Science & Nature

Colonial Pipeline Ransomware Group Loses Control of Critical Server Infrastructure

Colonial Pipeline Ransomware Group Loses Control of Critical Server Infrastructure thumbnail


The criminals are shutting down their operations.

colonial pipeline ransomware feature

The criminals associated with the DarkSide ransomware attack responsible for crippling fuel deliveries and soaring fuel prices in the US have revealed that their “servers were seized” and money transferred to an “unknown account.”

DarkSide Ransomware-as-a-Service Ceases Operations

The DarkSide ransomware attack on the Colonial Pipeline has caused massive disruption across the US. The pipeline carries refined oil products some 5,500 miles across the country, carrying around 3 million barrels of oil between Texas and New York per day and accounting for around 45 percent of the East Coast’s fuel supply.

The ransomware attack knocked the critical pipeline offline, sparking frantic scenes as citizens rushed to fill all manner of containers with fuel in anticipation of shortages, forcing gas prices as high as $3 per gallon, the highest seen since 2014.

Furthermore, Colonial announced that it had paid the ransomware operator a $5 million ransom to receive a decryption tool but still had to resort to “traditional” data recovery as the ransomware firm didn’t respond fast enough. Although that sounds like a win-win scenario for a ransomware firm, other victims may refuse to pay a ransom if they think the firm won’t provide help afterward.

Now, in a turn of events, the ransomware-as-a-service operators informed their affiliates that they had lost control of a significant portion of the ransomware network itself, including payment servers, along with funds that have been transferred to other inaccessible accounts.

The post was made on a Russian crime forum, though cybersecurity companies monitoring the case, such as FireEye’s Mandiant, have raised suspicions regarding the sudden announcements.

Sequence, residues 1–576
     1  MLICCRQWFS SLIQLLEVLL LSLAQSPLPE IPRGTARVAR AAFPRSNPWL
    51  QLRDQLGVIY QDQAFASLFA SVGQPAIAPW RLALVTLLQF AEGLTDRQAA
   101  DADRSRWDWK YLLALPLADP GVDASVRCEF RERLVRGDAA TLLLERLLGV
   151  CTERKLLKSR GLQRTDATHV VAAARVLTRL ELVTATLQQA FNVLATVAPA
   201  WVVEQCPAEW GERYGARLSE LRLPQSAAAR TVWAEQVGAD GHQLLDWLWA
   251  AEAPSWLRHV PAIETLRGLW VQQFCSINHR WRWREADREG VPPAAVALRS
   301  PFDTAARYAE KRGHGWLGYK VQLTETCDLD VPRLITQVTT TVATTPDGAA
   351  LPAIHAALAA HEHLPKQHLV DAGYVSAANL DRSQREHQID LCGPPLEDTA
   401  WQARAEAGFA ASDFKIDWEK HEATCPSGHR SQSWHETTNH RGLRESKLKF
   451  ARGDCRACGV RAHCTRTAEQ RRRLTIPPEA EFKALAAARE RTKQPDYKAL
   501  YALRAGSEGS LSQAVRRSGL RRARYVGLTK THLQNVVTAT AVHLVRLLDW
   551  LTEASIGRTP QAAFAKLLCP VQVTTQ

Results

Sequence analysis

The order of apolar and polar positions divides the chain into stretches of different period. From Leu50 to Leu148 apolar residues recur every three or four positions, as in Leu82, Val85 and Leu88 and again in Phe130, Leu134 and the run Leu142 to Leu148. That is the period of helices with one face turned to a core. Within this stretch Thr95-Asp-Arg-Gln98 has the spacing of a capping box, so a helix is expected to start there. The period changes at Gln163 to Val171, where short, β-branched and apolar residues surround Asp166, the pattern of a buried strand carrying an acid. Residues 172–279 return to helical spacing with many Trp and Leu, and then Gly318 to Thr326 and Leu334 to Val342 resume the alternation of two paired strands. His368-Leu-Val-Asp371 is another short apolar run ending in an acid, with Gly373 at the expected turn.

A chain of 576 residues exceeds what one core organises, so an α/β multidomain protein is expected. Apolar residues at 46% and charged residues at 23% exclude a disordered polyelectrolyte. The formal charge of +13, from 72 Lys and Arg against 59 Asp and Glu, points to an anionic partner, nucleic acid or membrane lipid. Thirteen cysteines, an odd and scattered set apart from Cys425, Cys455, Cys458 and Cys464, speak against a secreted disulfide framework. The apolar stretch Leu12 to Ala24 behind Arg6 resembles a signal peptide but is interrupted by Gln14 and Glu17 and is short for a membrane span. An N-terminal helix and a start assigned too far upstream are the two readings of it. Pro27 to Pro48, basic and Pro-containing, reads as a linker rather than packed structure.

The post cited law enforcement pressure and pressure from the United States for this decision. @Mandiant has not independently validated these claims and there is some speculation by other actors that this could be an exit scam. (3/3)

— FireEye (@FireEye) May 14, 2021

Not only is the timing highly suspicious, but it fits with other ransomware-as-a-service operations seen previously. After a successful score, the service drops off the map for a while, resurfacing a later date with a fresh target.

However, the announcement did come with a small bonus for other victims of the same ransomware. Before shutting up shop, the ransomware operator will provide decryptors to anyone who hasn’t yet paid a ransom, fitting in with the operator’s earlier message that they’re only in it for the money, not to cause actual disruption and damage to property.

Noble as that is, the damage for many people is already done.

Ransomware as a Service Keeps Criminal Activity Agile

Ransomware remains a scourge, with victims facing the eternal battle between paying up to decrypt and recover files, all the while knowing that those funds are fuelling criminal activities.

In this case, Colonial felt that there was no choice but to pay to receive a decryptor—even if that process failed.

Many companies want ransomware payments banned, stating that payment only encourages criminals to perform more attacks. But while attacks continue and governments, businesses, and utilities suffer, the payment of ransoms must surely be made on a case by case basis.



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About The Author

Gavin Phillips
(855 Articles Published)

Gavin is the Junior Editor for Windows and Technology Explained, a regular contributor to the Really Useful Podcast, and a regular product reviewer. He has a BA (Hons) Contemporary Writing with Digital Art Practices pillaged from the hills of Devon, as well as over a decade of professional writing experience. He enjoys copious amounts of tea, board games, and football.

From Gavin Phillips

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